4. Fun with Geocaching: Gear up for spring with this exciting activity. Geocaching combines old-fashioned treasure hunting with modern technology. You'll learn the basics on how to participate in this great activity for all ages as you search for some of the caches in the park. Bring your GPS device if you have one. For families with children age 6 and older. For more information, call 703-228-6535.

Where: Gulf Branch Nature Center, 3608 N. Military Road, Arlington

When: 10 a.m. to noon Saturday

Info: $5; registration necessary: 703-228-4747; program No. 632853-I

5. "Notable Nature: Signs of Spring": The whole family is invited to Gulf Branch for a lesson in nature journaling. You'll begin by constructing your own nature journal, then heading out to reconnect and record nature's wonders, focusing on signs of spring. For more information, call 703-228-3403.

Where: Meet at Gulf Branch Nature Center, 3608 N. Military Road, Arlington

When: 3 to 4 p.m. Sunday

Info: Free; registration necessary: 703-228-4747; program No. 632853-L

Best Brainfood

1. "American Ballet Theatre": The ABT continues to astonish the young and old with "Le Corsaire," Petipa's tale of dashing pirates and kidnapped maidens, and a mixed repertory program.

Where: Kennedy Center Opera House, 2700 F St. NW

When: Through Sunday

Info: $25 to $109; 202-467-4600;

2. "Tamagawa University Taiko Drumming and Dance Troupe": Thundering taiko drumming meets traditional Japanese dance as nearly 30 drummers and dancers from Tamagawa University take the stage for a special performance on the National Mall. The group is led and choreographed by Kabuki dance master Isaburoh Hanayagi, who began his career at the age of 3.

Where: Freer Gallery of Art, north entrance, 1050 Independence Ave. SW (rain location: Sackler, International Gallery)

When: Noon Friday

Info: Free;

3. 10-minute play competition: Five plays from the national finalists of the Kennedy Center American College Theater Festival Ten-Minute Play Award.

Where: Kennedy Center Millennium Stage, 2700 F St. NW

When: 6 p.m. Wednesday

Info: Free; 202-467-4600;

4. Arts of Japan: Edo Aviary and Poetic License: Continuing a celebration of important Freer holdings in Edo period art, complementary but distinct installations examine two themes of these Japanese works. Edo Aviary (Gallery 6) traces how depictions of birds were influenced by natural history painting in the Edo period (1615-1868). Great attention was given to physical accuracy, but the tendency to lend birds anthropomorphic qualities also came to the fore.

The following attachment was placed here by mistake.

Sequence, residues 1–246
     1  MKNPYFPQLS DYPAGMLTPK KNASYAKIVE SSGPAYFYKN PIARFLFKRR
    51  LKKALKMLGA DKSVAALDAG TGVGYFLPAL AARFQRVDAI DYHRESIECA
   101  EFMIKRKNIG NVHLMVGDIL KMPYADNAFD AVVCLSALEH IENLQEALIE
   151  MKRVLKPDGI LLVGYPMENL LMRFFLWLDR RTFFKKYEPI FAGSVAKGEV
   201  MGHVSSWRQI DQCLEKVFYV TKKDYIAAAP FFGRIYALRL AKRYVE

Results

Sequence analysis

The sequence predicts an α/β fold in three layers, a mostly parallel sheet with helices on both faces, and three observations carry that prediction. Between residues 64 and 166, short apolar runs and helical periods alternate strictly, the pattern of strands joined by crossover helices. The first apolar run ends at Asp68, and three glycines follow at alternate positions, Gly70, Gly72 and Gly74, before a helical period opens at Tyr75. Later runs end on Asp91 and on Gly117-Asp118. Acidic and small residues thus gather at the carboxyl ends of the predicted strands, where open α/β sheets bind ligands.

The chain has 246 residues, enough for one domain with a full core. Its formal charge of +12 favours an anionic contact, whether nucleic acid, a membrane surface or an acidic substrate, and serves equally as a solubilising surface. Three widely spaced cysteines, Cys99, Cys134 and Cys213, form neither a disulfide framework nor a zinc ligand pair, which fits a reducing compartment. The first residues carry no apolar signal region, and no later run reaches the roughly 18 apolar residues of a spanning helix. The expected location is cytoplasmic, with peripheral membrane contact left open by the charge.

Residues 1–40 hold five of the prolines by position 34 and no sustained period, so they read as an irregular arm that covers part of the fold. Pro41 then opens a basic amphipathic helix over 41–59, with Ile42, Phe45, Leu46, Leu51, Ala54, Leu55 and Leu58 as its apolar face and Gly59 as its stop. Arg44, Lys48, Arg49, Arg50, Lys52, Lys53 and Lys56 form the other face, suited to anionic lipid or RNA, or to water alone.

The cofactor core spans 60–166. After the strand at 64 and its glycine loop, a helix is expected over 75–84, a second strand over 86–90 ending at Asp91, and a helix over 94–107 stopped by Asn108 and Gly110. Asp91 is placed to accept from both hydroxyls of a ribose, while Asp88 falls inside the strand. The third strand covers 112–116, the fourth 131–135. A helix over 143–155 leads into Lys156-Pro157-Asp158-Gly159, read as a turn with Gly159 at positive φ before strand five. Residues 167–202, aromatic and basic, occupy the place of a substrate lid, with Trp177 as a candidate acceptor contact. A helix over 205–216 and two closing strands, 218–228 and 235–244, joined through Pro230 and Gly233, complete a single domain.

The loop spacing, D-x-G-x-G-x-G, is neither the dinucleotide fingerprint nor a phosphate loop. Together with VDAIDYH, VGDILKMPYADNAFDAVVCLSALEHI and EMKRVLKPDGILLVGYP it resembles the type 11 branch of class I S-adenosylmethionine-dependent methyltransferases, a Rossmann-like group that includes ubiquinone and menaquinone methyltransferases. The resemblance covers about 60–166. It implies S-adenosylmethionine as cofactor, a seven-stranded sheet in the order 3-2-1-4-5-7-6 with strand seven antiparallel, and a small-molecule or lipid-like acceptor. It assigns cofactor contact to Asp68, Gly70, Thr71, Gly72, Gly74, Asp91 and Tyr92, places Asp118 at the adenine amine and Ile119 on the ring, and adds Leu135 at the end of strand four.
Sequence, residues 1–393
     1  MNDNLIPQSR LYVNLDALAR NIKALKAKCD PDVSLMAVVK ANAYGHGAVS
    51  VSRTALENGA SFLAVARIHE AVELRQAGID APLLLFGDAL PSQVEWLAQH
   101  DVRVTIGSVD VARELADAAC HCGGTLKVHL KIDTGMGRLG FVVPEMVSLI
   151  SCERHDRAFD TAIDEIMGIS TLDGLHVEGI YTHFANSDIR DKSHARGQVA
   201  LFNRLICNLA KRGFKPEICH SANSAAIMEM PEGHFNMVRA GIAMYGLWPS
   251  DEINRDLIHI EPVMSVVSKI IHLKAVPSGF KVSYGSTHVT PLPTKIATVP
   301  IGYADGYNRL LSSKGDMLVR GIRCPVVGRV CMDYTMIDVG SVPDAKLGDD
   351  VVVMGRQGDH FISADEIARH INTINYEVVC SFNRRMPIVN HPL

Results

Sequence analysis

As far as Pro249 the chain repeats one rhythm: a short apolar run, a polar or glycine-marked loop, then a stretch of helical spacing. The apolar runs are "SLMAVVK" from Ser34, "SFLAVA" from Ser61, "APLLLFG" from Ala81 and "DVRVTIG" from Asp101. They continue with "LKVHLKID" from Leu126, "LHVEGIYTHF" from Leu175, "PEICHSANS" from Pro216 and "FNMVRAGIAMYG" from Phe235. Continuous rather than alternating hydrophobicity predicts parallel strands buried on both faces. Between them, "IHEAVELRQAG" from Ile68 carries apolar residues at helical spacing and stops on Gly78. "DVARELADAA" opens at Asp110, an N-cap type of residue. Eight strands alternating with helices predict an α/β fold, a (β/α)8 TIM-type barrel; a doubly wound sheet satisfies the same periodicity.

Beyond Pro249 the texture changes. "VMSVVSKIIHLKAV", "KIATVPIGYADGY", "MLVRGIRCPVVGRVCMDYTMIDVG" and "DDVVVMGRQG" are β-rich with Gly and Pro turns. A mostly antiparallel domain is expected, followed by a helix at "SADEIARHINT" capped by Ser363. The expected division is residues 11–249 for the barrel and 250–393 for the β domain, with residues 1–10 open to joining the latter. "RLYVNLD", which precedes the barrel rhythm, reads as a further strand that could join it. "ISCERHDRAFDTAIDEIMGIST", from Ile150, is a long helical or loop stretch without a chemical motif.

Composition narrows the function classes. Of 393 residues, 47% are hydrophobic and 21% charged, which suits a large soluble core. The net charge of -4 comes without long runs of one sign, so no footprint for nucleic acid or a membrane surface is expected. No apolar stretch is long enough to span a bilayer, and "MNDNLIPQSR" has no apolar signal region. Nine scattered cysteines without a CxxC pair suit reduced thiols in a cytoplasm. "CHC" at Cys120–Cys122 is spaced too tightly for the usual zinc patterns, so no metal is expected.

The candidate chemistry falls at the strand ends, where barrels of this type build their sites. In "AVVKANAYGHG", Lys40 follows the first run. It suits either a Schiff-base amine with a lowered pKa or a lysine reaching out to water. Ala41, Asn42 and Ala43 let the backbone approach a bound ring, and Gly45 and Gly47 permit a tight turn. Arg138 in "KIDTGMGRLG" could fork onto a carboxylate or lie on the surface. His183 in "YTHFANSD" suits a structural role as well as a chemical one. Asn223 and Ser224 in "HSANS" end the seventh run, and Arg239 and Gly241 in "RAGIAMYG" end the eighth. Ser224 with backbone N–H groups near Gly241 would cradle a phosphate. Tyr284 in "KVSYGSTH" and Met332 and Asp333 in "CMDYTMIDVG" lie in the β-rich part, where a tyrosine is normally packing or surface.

Where: Freer Gallery of Art, 1050 Independence Ave. SW

When: Through Aug. 4

Info: Free;

5. "Monty Python's Spamalot": The Tony Award-winning musical is back to taunt D.C. this spring as the national tour makes a final stop at the National Theatre. Based on the classic comedy film "Monty Python and the Holy Grail" and written by original Python Eric Idle, "Spamalot" follows the wacky Knights of the Round Table on their quest for the Holy Grail.

Where: National Theatre, 1321 Pennsylvania Ave. NW

When: Through April 14

Info: $65 to $145; 202-628-6161;

Best Galleries

1. Nam June Paik: Global Visionary: This comprehensive, 67-piece survey of the Korean-born "father of video art" is drawn from Paik's personal archive (acquired by the Smithsonian American Art Museum in 2009) with contributions from numerous other public and private sources.

Where: The Smithsonian American Art Museum, Eighth and F streets NW

When: Through Aug. 11

Info: Free; 202-633-1000;

2. Timothy Thompson: Gathering Space: This site-specific installation dominates Hamiltonian's 1,800-square-foot space with its imposing structure of nylon fabric and fiberglass rods.

Where: Hamiltonian Gallery, 1353 U St. NW

When: Through May 4

Info: Free; 202-332-1116;

3. Color Causality: Action and Reaction: Vivid, multilayered new paintings by Malta-born, Jordan-raised Shaub Rabah, whose canvases always reward leisurely contemplation.

Where: Susan Calloway Fine Arts, 1543 Wisconsin Ave. NW

When: Through May 4

Info: Free; 202-965-4601;

4. Fair Focus: This pop-up exhibition features new pieces from Rosemary Feit Covey, Julia Fernandez-Pol and Osi Audu, among other top local lights.

Where: Gallery B, 7700 Wisconsin Ave., Suite E

When: Through April 27

Info: Free; 202-627-2787;

5. Fashioning the New Woman, 1890-1925: This study of how sartorial trends mirrored the opening of previously out-of-reach societal and economic roles to women during the Progressive Era makes an eloquent cast that the adage, "Clothes make the (wo)man," may have more literal truth than we'd suspected.

Where: Daughters of the American Revolution Museum, 1776 D St. NW

When: Through Aug. 31

Info: Free;